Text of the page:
- 4 cups beef stock or chicken stock plus more as needed
- 1 can (14-ounce) fire roasted diced tomatoes in their juices
- 1 tablespoon Worcestershire sauce
- 1 tablespoon Dijon mustard
- 6 springs fresh thyme tied into a bundle with kitchen string
- 1 teaspoon dried oregano
- 1/4 cup finely chopped fresh flat-leaf parsley
- mashed potatoes, cooked papardelle or similar pasta, roasted potatoes, or creamy polenta
- Preheat the oven to 325 degrees F. Pat the short ribs dry, then season generously all over with 5 teaspoons salt and 1 teaspoon pepper.
- Heat the oil in a large Dutch oven or similar large, sturdy-bottomed, oven-safe pot with a cover (I used a 5.5-quart Dutch oven) over medium-high heat (you don’t need to add any oil). Add about half of the short ribs in a single layer, making sure they are not touching one another (if the pan is too crowded, they won’t brown properly). Sear on all sides until they are deeply browned, about 6 to 8 minutes per batch. Transfer the short ribs to a large baking dish that can catch any juices. Repeat with remaining short ribs.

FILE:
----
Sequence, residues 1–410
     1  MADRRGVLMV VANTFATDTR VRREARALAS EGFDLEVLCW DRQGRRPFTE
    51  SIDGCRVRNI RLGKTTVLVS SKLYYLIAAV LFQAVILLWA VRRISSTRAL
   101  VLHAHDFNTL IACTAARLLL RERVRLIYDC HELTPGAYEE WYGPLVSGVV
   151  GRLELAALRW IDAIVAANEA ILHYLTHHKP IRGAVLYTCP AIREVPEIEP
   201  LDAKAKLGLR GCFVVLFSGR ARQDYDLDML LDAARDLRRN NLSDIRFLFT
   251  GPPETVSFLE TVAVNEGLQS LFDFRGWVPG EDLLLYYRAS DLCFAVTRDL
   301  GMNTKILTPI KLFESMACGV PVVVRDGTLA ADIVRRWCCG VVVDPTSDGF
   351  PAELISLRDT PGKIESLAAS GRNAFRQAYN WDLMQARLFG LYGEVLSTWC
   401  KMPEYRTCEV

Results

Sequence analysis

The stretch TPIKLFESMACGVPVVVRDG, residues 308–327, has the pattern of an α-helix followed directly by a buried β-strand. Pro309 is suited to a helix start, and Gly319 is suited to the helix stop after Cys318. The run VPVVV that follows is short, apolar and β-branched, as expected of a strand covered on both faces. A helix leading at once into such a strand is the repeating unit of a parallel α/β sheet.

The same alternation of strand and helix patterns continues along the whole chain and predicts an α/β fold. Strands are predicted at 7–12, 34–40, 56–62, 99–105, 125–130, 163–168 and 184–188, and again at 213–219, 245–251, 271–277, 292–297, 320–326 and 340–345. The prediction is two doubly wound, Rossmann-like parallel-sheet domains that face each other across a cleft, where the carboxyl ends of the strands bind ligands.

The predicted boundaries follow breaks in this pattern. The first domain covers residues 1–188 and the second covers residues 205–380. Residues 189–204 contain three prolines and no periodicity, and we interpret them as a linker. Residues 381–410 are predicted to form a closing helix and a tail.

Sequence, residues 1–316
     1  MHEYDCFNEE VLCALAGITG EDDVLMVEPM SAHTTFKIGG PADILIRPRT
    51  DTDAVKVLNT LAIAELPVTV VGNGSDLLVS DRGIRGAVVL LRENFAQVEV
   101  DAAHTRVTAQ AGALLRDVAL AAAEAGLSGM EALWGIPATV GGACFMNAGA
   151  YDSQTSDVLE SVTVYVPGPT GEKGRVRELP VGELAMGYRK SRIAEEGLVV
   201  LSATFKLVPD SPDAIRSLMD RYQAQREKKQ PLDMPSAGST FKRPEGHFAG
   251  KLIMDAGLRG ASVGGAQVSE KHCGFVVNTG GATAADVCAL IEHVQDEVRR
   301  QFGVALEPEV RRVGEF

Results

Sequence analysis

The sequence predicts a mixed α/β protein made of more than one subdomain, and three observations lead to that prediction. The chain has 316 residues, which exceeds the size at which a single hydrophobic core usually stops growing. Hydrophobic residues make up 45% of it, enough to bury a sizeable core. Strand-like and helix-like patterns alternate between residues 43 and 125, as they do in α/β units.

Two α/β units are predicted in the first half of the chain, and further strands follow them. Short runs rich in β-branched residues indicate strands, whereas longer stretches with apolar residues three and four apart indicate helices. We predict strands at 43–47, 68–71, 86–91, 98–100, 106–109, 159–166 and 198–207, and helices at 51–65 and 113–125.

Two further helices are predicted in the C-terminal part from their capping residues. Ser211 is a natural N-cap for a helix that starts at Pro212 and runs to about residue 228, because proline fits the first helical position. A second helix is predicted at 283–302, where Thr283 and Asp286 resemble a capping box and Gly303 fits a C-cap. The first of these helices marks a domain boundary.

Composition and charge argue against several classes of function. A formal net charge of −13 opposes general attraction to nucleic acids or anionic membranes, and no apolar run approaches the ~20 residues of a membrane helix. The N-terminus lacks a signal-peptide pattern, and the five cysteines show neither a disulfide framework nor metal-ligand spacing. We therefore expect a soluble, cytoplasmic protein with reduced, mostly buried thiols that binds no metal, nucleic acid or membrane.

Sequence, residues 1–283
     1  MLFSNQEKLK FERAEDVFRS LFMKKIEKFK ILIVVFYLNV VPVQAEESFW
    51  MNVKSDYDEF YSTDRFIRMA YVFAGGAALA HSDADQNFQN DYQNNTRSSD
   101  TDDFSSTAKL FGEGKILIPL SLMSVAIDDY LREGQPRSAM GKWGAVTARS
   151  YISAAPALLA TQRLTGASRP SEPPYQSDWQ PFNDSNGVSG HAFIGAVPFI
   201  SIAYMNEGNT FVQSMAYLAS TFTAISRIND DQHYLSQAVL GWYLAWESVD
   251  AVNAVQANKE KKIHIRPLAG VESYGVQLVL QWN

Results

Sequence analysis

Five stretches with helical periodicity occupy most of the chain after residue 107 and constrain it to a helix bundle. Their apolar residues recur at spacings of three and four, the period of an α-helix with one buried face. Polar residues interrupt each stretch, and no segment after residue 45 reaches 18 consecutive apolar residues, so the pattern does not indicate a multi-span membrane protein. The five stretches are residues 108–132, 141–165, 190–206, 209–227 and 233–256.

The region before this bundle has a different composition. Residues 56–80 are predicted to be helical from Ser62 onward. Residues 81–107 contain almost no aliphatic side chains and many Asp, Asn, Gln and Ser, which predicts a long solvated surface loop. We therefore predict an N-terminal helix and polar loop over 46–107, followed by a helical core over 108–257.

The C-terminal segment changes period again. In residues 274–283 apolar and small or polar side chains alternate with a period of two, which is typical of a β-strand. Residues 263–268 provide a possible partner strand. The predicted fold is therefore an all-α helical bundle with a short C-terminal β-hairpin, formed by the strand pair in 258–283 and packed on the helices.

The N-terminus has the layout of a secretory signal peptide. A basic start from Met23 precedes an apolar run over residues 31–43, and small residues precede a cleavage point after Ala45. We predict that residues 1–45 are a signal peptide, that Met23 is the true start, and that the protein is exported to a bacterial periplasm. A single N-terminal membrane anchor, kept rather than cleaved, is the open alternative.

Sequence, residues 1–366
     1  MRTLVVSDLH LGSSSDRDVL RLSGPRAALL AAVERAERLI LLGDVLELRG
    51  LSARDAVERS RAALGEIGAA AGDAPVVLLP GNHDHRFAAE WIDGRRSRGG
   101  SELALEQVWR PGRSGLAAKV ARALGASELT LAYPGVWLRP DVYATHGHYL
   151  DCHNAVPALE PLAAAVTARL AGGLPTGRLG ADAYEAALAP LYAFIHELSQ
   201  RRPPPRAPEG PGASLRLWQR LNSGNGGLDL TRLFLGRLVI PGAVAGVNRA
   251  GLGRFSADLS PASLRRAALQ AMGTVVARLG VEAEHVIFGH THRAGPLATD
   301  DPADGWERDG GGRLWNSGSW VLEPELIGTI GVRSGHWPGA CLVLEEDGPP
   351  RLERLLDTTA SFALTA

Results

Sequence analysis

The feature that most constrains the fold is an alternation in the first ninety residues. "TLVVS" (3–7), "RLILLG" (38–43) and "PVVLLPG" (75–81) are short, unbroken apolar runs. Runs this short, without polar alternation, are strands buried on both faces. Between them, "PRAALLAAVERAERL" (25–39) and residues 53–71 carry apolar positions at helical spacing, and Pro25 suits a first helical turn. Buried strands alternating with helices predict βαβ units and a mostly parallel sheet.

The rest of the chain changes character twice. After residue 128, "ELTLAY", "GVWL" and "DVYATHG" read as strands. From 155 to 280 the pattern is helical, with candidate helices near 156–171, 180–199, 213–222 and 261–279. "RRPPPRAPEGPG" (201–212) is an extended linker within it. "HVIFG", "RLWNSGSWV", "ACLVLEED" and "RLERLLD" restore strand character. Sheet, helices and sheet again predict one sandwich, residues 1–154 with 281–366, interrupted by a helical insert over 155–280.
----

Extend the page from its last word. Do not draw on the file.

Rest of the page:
- Carefully discard all but about 2 tablespoons fat from the pot. Reduce the heat to medium and add the carrots, celery, onion, remaining 1 teaspoon salt, and 1/2 teaspoon pepper. Cook, stirring every so often, until the vegetables are tender and beginning to caramelize, about 10 minutes.
- Scoot the vegetables to one side to create an open space in the pan. Add the tomato paste and stir vigorously for 30 seconds, then stir the paste into the vegetables to combine. Stir in the garlic and cook 30 seconds.